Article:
Moose Range

The range of moose is quite vast encompassing large portions of the northern latitudes.  With the range extending from Alaska to Siberia the moose is a world wide animal and a opportunistic traveler and inhabitor of new areas.  The moose range has been extended due to human transplants as well in the United States this has been done in the western states such as Utah and Colorado.

 

Reproduction:

Moose like other members of the Deer family go through a reproductive phase called the rut.  This is a time period typically in the fall when the moose will cast off there solitary ways and come together in order to produce the next generation.  By the first weeks of September the cows and bulls have found each other and after the courtship is completed copulation begins.  The cows are polyestrous which means they will go through several fertility cycles

Moose Cow Nursing Calf
which will stop either when she is bred or the season gets to to late.  If the cow is succesful at breeding the gestation period is on average 231 days with the calves being born in the last week of May to the first week of June.  The calves will typically weigh 22-35 lbs at birth but will gain around 4.4 lbs per day reaching a weight up to 330 lbs in just 5 months.  The calves will stay with the cows until the spring of the following year at which the cows will typically drive them off in order to prepare for the next breeding cycle.  Cows have been known to retake yearlings if they lose the new calf or are unable to breed.    

 

Status in the World: 

Moose in North American currently enjoy a heyday in their population and status among humans of this continent.  They are protected on the continents wildlife reserves and national parks and by many wildlife regulations.  Moose will thrive wherever humans have a use for them whether that be providing hunting or sightseeing opportunities or even domestication for use on the farm or ranch.  However moose would be hard pressed to survive without the good will of humans.  Without the protections we provide them this large and conspicuous herbivore could quickly be over utilized and exterminated.  So if moose are something you take pleasure in seeing or eating then be sure to speak up for them if a moose issue comes up locally or nationally.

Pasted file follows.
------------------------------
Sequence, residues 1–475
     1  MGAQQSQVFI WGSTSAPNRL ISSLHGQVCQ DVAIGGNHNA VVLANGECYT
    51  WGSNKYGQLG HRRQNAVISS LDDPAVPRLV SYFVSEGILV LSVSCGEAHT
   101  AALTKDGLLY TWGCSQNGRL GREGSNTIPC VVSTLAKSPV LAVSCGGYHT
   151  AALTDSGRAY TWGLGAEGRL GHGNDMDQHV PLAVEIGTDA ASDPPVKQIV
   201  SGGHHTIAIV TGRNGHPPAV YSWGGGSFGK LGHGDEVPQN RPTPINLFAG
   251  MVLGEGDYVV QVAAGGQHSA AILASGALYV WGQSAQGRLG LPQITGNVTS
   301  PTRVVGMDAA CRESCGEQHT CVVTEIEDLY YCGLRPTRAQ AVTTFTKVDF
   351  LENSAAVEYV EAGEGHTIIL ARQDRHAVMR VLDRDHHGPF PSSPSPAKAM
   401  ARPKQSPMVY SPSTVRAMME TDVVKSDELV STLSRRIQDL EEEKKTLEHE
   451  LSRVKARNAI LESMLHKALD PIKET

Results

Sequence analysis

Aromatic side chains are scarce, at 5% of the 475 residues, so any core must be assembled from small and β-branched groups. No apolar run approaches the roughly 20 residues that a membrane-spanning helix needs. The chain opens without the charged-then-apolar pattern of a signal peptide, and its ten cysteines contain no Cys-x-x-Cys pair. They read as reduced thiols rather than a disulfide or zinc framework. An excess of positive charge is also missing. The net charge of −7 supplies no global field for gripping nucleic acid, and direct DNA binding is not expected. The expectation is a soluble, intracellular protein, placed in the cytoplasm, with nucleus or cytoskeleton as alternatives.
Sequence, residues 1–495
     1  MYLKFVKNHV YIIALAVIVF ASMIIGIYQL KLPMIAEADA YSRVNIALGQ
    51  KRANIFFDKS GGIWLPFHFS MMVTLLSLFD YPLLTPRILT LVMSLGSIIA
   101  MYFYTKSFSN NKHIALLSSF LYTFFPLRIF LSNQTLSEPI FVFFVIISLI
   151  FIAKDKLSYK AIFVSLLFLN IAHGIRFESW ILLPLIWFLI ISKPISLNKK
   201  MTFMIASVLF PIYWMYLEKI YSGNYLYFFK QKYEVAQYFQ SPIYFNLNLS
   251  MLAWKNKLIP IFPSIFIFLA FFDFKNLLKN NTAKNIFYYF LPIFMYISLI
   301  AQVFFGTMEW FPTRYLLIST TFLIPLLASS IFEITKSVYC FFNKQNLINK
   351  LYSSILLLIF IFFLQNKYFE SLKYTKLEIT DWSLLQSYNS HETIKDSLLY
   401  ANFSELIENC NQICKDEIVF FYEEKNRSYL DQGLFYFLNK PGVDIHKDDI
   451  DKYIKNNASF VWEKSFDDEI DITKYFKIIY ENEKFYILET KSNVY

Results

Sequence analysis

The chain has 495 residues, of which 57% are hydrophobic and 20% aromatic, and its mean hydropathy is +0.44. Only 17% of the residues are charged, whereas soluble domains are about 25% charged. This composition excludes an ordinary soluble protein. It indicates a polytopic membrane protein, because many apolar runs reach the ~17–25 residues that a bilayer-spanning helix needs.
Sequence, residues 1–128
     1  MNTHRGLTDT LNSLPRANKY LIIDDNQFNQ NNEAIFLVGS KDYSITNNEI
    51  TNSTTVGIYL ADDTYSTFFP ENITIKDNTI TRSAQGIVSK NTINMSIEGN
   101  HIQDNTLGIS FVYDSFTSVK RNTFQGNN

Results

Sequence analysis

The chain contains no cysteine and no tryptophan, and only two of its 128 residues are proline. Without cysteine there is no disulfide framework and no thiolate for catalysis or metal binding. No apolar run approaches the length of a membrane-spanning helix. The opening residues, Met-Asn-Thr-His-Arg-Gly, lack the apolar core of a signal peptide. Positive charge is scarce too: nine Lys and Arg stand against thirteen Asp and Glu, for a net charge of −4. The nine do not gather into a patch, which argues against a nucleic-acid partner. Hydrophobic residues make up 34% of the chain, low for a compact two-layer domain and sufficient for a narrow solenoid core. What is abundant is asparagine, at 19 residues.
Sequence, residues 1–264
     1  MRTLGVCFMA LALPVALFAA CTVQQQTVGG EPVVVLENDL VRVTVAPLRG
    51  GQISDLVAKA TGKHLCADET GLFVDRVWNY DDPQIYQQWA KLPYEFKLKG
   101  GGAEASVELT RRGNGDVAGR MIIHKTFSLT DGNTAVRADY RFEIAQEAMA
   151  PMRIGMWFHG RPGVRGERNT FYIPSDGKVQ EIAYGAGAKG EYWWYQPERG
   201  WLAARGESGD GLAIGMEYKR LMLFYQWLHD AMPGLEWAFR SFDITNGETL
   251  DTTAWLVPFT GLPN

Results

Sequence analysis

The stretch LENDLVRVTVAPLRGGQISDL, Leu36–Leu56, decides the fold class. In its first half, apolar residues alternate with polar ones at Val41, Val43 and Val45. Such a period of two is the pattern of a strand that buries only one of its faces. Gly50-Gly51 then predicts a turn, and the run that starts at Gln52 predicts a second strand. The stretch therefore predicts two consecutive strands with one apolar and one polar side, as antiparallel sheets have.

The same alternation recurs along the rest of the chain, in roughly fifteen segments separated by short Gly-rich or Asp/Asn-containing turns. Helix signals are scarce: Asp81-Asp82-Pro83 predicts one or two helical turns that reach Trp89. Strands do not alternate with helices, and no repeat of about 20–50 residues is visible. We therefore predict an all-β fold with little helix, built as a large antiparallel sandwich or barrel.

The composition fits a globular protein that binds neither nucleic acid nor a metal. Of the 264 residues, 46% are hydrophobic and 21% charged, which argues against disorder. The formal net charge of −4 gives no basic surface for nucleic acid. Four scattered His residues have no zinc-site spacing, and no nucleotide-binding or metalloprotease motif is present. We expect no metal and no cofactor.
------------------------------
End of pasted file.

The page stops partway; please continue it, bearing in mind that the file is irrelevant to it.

JPLarson

 

Sources:

http://upload.wikimedia.org/wikipedia/commons/7/74/Moose_distribution.png

http://en.wikipedia.org/wiki/File:Moose_superior.jpg

http://animals.nationalgeographic.com/animals/mammals/moose/

http://upload.wikimedia.org/wikipedia/commons/9/98/Moose_calves_nursing.jpg

Geist, Valerius. Moose: Behavior, Ecology, Conservation. Stillwater : Voyageur Press Inc., 1999. Print.

 Disclaimer:

None of the organizations or photo's I used in the writing of this article support my position on moose.